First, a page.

Witch-Hunting in America: The Case of William Barker

In American historiography there is a particular focus on witch-hunting – especially as it occurred in Salem (and the larger Essex County region). The problem with the obsession over witch-hunting in Puritan New England is that the stereotypical images are precisely that, stereotypical. In reality, especially compared to Europe, witch-hunting was far less common in the Americas than in the Old World and no witches were burned in America. Additionally, many witch-craft accusations and trials were often dismissed if otherwise not even entertained by the courts. However, there were still many individuals who were accused and the usual norm of higher courts throwing out witchcraft cases was not the case in Salem. Insofar as it is a concern to see how witch-craft trials and accusations worked in Salem let us now examine the case of William Barker Sr.

William Barker was a resident of Essex County during the height of last major witch-hunt episode in colonial history. On January 13, 1693, the formal accusation against Mr. Barker read that he, “mallitiously and felloniously A Covenant with the Devill did make, And did Signe the Devills Booke with Blood, and gave himselfe Soule & body to the Devill.” The first thing that should be visible in the accusation against Barker is the inversion of Puritan theology in the charged accusation against him. He supposedly made a covenant with the Devil, and then after making this covenant with the Devil, gave his blood to the Devil (an inversion of Christ giving his blood to the world) and thereby “gave himself to the Devil.” In the opening accusation against Mr. Barker we also see that the Devil cannot create anything ex nihilo (per God’s power). Instead, covenanting with the Devil can only amount to parody and inversion of “true religion.”

Before the formal accusation of witchcraft against William Barker his tale from jail confession to being a covenanter with the Devil is a peculiar and enticing case from what records have been preserved (assumed date on, or before, August 29, 1692). For whatever reason(s) the origo of William Barker’s saga begins in prison where he confesses his first encounter with the Devil. “God having called me to Confess my sin and Apostasy in that fall in giving the Devil advantage over me appearing to me like a Black, in the evening to set my hand to his Book, as I have owned to my shame.” Barker continued in confessing his apostasy and sin, “And now I hope God in some measure has made me something sensible of my sin and apostasy, begging pardon of God, and of the Honourable Magistrates and all Gods people, hoping and promising by the help of God, to set to my heart and hand to do what in me lyeth to destroy such wicked worship.” Regardless of the reasons for Barker having been imprisoned (there are no records indicting as to why he was imprisoned), he nevertheless confesses to witchcraft while in prison.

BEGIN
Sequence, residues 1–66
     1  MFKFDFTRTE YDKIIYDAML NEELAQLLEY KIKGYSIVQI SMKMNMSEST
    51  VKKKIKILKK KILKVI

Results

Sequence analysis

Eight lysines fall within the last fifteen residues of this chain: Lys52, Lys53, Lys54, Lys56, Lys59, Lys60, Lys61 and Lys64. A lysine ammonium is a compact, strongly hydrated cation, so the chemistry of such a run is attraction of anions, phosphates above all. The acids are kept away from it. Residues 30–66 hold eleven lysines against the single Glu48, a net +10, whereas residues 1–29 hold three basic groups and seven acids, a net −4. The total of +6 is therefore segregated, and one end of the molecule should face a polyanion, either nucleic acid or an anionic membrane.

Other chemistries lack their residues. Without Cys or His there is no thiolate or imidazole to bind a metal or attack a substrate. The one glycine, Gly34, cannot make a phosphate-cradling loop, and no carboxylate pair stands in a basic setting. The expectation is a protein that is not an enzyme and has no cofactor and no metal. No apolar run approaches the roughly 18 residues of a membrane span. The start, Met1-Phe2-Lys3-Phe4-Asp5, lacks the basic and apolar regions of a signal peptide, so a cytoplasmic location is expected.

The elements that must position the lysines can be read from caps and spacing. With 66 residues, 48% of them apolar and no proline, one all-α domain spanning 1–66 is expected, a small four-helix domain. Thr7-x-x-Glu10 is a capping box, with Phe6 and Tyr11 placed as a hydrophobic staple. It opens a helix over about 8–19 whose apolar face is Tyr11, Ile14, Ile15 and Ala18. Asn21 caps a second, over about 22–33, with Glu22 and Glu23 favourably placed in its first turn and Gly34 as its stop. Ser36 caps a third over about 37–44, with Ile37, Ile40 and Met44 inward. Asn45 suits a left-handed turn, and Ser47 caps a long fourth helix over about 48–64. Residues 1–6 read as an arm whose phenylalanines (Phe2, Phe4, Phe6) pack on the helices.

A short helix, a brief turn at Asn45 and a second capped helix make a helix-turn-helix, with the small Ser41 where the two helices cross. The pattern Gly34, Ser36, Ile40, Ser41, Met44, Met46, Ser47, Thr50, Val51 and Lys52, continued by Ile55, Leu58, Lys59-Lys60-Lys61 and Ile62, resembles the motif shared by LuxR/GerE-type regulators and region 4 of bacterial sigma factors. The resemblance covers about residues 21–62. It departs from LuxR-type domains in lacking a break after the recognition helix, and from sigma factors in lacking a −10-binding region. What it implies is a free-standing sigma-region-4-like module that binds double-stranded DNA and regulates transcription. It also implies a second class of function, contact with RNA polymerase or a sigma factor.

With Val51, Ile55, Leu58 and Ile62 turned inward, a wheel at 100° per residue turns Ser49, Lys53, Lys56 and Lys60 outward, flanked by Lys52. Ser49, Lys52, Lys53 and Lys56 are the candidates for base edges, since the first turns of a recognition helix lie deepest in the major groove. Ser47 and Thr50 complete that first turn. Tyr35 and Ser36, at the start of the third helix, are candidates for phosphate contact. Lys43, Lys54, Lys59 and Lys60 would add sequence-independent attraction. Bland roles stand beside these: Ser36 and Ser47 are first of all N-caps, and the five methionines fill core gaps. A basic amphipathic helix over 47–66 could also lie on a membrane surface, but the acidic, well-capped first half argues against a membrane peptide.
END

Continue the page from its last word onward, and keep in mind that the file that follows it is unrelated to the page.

Considering what followed from his confession, and his naming of names of others covenanting with the Devil, it is safe to presume he was likely imprisoned as someone who was named by someone else. It was common in the Essex County/Salem witch-hunts for people to confess to the charges of witchcraft (and therefore be sparred death) and accuse (name) others who were “guilty” of witchcraft. As such, and considering Barker’s first appearance in documented records is his confession of witchcraft from prison, it is likely that he was named as a witch by another accused and confessed to having made a covenant with the Devil.